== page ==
Designing Global Cities for Active Living

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April 1, 2016
By Jim Sallis
Designing Global Cities for Active Living

Learning how to build active cities worldwide

#GlobalActiveCities

It is not a new idea that cities can be designed to make it easier--or harder--for people to be physically active. This has been a topic of study for more than 15 years. Designing active cities is recommended by the World Health Organization and the US Surgeon General. However, most studies have been conducted in single countries, mainly in North America, Europe, and Australasia. We were concerned that each country has a limited range of environments, which may lead to underestimating the role of built environments in physical activity. It is unclear whether findings from one country can be applied to other countries, because every study used different methods. The International Physical Activity and Environment Network (IPEN) Adult Study was designed as a more definitive study of the importance of the design of cities for physical activity and health internationally.

Main findings

On April 1, 2016 a major report from IPEN was released online by The Lancet, the world's most influential medical journal. The main finding was that adults from 10 countries who lived in the most "activity-friendly" neighborhoods did up to 90 minutes more physical activity than those who lived in the least "activity-friendly" neighborhoods. This amounts to about 60% of the recommended 150 minutes per week of physical activity. The relation of city design to physical activity was much stronger in this international study than in prior studies conducted in single countries. The findings were similar across countries. Thus, it appears that designing to cities to be "activity-friendly" is a globally-applicable solution to the pandemics of inactivity and non-communicable diseases such as heart disease, stroke, diabetes, and some cancers.

About the study

This study is special because it was conducted in 14 cities in 10 countries on 5 continents, with countries including Belgium, Brazil, Colombia, Czech Republic, Denmark, China (Hong Kong), Mexico, New Zealand, the UK, and the USA. The measures were objective, with environment measures assessed from government records using geographic information system (GIS) mapping software, and physical activity assessed with electronic accelerometers worn on the waist. The use of objective measures provides more confidence in the findings. Investigators in each country collected data using similar procedures so results would be comparable across countries. Over 6800 adults were included in the analyses.

Designing an active city

People were most active when their neighborhoods were densely populated, had several parks nearby, had good access to public transport, and had highly connected streets that provide direct routes from place to place. These principles of active cities applied across the 14 highly diverse cities. Some cities, such as Hong Kong and Aarhus, Denmark were especially well designed to encourage active transportation. Other cities, such as those in New Zealand had many parks, which helped people be active for recreation.

These results identify several aspects of the design and management of cities that can be altered to increase physical activity and reduce risk of obesity and non-communicable diseases. Implementing these changes will require the collaboration of health professionals with diverse sectors of government and society, including city planning, transportation, parks and recreation, and real estate development. Health professionals have a responsibility to become informed advocates for creating healthier environments. Ensuring cities are designed to be "activity-friendly" should now be considered an international health priority.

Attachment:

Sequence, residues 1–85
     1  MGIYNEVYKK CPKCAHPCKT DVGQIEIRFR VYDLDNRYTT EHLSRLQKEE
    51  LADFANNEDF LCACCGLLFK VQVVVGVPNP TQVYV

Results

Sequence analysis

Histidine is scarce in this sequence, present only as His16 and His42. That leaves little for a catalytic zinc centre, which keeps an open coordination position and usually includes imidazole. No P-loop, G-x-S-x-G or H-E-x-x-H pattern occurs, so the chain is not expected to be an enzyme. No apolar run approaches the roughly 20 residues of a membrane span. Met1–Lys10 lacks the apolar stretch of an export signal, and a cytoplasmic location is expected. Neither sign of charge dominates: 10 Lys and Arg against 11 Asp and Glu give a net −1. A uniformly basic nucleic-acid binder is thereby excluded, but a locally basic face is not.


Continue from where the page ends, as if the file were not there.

More lessons from IPEN

IPEN was begun in 2004 by James Sallis (US), Neville Owen (Australia), Ilse de Bourdeaudhuij (Belgium), and Jacqueline Kerr (US and UK). We invited investigators to join a collaborative international study and follow common procedures. Studies of adults were conducted in 12 countries, with most countries funded from internal sources, and international coordination funded by the National Cancer Institute of the US National Institutes of Health. I want to thank all the investigators for their collaborative spirit and the numerous funders for making the studies possible.

Publications based on IPEN Adult have been published on the relation of built environments to walking for recreation, walking and bicycling for transportation, and obesity, as well as other topics. More papers are coming. An IPEN Adolescent study is ongoing in 13 countries, and results will be forthcoming in the next year or so. The methods used in IPEN are available, and we encourage investigators and health agencies to use these measures so results can be compared. Our goal is to provide evidence that can be used to create more activity-friendly cities and improve health worldwide.

Download the paper and research brief

  • The article in The Lancet is freely available here.
  • A research brief summarizing the main results in a 2 page, easy-to-read format is available here.
  • Read the press release.

Join the conversation

Join the conversation on Twitter using #GlobalActiveCities.

James F Sallis, PhD
Department of Family Medicine and Public Health
University of California, San Diego, USA
http://sallis.ucsd.edu